When an expert witness - a guardian of trust and knowledge - is proved wrong in court, it is tempting to try to turn psychologist and wonder what was going through his head

Tony Bingham

The expert witness in this trial dropped one of the biggest clangers I have ever come across. At first glance you and I would condemn him, castigate him. Then I began to ask: “Why?” Why did he behave in this way? And the more you dig, albeit in the court judgment, the more interesting it becomes.

Litigation, arbitration and even adjudication rely frequently on the evidence of an expert in whatever topic is in dispute. Now be careful, the starting point is that witnesses (you, me, the bloke in the other car) are only permitted in the witness box to testify to facts – what they saw, heard, felt, sniffed. It is a no-no to give opinion. But opinion evidence can be given if the tribunal gives permission. The judge or arbitrator asks himself whether opinion evidence will help. Typically in construction we might benefit from the opinion of a piling, roofing or glazing expert; they are unconnected with the actual project or events, but invited into the litigation to help the court because that person is, well, an expert in his field … highly qualified technically and so on.

In this case, the expert had completed more than 100 expert reports in contemplation of litigation and had been in the witness box on different cases more than 30 times. Any legal team would have been glad to get him on board. His report for the court ran to 70 pages. It included an interview with a key person – his opinion was about that person’s abilities. At the conclusion of the report, he made standard declarations to confirm he would give evidence on oath and would not mislead or had not misled the court. He also confirmed the report was in accord with the Code of Practice for Experts.

The interview was recited in the expert’s report. It was, or was said to be, what was said in the interview. Comments were reinforced via speech marks in italicised text attributed to the interviewee. But what the expert didn’t know was that the interviewee had secretly recorded the interview. In court our expert witness was cross-examined. The judge said: “When pursued in cross-examination it was revealed that extensive parts of the report, which purport, by the conventional use of quotation marks, to be direct quotations from the witness, are in fact nothing of the kind. They are a collection of recollections and impressions compressed into phrases credited by the expert and attributed to the interviewee. They convey to the reader of the report that they represent the authentic voice of the interviewee.”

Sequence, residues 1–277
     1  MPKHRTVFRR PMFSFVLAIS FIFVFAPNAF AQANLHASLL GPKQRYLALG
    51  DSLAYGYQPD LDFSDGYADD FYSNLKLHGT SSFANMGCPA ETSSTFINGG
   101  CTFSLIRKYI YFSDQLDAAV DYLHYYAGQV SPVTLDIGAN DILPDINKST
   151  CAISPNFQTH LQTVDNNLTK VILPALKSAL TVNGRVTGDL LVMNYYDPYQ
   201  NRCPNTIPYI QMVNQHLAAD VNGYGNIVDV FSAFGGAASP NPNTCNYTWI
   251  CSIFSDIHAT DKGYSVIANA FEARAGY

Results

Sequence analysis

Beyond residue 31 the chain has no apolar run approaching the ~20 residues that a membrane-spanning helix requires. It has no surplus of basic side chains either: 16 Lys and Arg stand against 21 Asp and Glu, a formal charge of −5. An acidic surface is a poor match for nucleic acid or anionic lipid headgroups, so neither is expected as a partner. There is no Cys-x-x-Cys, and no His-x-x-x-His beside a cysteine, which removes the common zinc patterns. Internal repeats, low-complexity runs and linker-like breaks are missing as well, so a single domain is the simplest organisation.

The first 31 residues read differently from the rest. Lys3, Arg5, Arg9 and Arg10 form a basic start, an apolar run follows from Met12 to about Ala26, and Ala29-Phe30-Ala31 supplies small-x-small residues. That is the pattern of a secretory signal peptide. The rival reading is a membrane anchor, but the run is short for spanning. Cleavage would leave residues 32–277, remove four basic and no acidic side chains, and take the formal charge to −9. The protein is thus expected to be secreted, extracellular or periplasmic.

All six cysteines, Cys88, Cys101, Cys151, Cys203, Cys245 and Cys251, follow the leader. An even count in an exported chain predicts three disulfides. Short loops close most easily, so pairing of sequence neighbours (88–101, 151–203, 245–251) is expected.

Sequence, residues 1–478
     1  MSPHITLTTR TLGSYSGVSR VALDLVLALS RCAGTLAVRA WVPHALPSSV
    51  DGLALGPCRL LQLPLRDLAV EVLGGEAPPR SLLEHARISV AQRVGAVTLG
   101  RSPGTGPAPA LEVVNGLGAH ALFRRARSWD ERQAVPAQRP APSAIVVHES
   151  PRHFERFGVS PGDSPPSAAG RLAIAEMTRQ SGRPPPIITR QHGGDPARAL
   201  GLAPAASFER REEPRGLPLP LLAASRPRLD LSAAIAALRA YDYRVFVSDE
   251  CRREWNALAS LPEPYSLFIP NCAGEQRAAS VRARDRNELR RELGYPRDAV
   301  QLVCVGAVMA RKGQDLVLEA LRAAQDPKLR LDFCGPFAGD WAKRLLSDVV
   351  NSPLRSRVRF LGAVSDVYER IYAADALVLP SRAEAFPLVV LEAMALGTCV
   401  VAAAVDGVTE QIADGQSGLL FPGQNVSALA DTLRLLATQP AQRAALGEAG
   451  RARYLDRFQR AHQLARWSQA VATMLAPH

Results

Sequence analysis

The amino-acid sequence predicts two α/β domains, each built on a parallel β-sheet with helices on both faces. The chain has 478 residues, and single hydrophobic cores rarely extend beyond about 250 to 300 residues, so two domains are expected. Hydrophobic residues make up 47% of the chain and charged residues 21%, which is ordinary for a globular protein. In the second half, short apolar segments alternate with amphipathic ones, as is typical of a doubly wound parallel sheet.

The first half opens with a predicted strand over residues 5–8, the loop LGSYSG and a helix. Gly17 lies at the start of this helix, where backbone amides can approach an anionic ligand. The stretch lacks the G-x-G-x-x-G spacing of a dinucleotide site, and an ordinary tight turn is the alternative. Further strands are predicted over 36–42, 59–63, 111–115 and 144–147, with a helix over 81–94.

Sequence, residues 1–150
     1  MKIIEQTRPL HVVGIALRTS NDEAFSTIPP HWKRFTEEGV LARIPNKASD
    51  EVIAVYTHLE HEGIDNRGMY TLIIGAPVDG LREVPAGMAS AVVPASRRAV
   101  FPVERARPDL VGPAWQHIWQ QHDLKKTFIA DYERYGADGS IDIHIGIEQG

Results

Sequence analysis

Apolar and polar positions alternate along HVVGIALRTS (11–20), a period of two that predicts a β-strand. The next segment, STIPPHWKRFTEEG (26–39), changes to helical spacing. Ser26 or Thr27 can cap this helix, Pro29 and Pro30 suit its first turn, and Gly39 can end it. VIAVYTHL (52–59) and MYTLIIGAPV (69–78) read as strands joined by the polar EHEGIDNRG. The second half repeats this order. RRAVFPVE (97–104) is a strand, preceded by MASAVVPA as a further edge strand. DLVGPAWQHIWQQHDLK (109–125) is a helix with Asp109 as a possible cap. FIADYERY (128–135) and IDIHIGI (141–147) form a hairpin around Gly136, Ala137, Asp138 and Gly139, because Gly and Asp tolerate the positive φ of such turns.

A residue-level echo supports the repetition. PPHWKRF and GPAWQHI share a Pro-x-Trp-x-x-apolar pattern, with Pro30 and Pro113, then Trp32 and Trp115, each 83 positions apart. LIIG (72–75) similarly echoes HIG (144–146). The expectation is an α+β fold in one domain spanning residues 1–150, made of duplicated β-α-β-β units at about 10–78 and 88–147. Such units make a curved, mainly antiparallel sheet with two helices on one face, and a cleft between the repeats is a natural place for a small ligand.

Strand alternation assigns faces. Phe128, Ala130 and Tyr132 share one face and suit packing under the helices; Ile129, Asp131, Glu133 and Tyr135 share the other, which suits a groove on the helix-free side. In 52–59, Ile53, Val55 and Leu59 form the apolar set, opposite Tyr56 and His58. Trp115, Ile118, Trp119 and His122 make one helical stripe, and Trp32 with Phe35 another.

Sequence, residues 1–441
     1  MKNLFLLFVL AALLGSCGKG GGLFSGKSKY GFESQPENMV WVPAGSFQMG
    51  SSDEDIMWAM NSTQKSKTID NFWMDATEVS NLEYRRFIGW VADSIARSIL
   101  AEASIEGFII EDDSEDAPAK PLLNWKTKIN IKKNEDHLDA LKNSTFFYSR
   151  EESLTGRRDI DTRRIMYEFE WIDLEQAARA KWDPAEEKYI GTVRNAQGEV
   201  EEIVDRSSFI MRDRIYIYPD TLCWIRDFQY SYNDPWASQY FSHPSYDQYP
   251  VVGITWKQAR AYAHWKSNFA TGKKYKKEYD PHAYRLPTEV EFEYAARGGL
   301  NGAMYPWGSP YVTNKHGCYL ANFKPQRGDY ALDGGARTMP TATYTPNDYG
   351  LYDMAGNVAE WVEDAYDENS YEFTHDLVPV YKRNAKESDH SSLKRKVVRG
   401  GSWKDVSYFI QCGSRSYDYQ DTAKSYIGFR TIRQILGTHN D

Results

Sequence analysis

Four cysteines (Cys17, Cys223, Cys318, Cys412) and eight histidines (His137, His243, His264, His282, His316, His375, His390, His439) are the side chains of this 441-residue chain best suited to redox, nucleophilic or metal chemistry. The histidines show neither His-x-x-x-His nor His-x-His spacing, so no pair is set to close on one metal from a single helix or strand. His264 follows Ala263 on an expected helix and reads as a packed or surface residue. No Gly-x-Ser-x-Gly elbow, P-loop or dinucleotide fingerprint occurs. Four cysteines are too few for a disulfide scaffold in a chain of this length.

The expert had been in the witness box in different cases more than 30 times. Any legal team would have been glad to get him on board

The tribunal went on: “It is very likely that a judge reading such quotations in the report of an experienced expert witness will at least start with the strong presumption that they have been accurately and fairly reported. It is inconceivable that this expert with this experience would not have appreciated this. The report is heavy with direct speech when in truth almost none of it is. The expert conceded that he took no verbatim notes, conceded too that a number of sentences attributed to the interviewee are inaccurate.”

Why would he do this? It’s tempting to suggest he is a hired gun; such partisan experts once plagued litigation. I reject that notion. The courts come down hard on anyone playing that game. The expert witness nowadays has to be independent, impartial and owing first duty to the court. Nor do I accept this fellow was careless, even reckless, in compiling the report. There is a clue expressed by a barrister at the trial: the expert “may have shown an over confidence in his own professional judgment and ability that was indifferent to the correct assessment process”.

I buy that. This fellow really is an expert in his field. He really is experienced in litigation and I reckon (okay, I will guess) that he weighed up the interviewee, weighed up the circumstances and became convinced of what he firmly believed to be true, then said so to the court. It is possible he may have seen this sort of thing umpteen times before and his report is likely to be saying: “Here we go again.” It is a dangerous mentality; a trap for the very experienced.

Psychologist Daniel Kahneman’s writings have recently become better known. He talks about heuristics and biases and looks at the way humans behave when making decisions. This criticised expert witness could potentially fit into numerous bias categories: confirmation bias, which is a tendency to focus on one’s preconceptions as a shortcut in thinking; knowledge bias, a belief that you are better informed than others; and superiority bias, which means considering oneself highly qualified and outranking others. Other forms of bias affecting a witness might include amour-propre bias (high opinion of self); conceit bias – self-esteem, vanity, self-importance – and overconfidence bias which gave the witness freedom from doubt.

And I tell you this. Don’t condemn this expert fellow. There is no bad faith, no ill will. He thinks he is right, never mind any real analysis. This experience will make him the best expert in the world.

Tony Bingham is a barrister and arbitrator at 3 Paper Buildings, Temple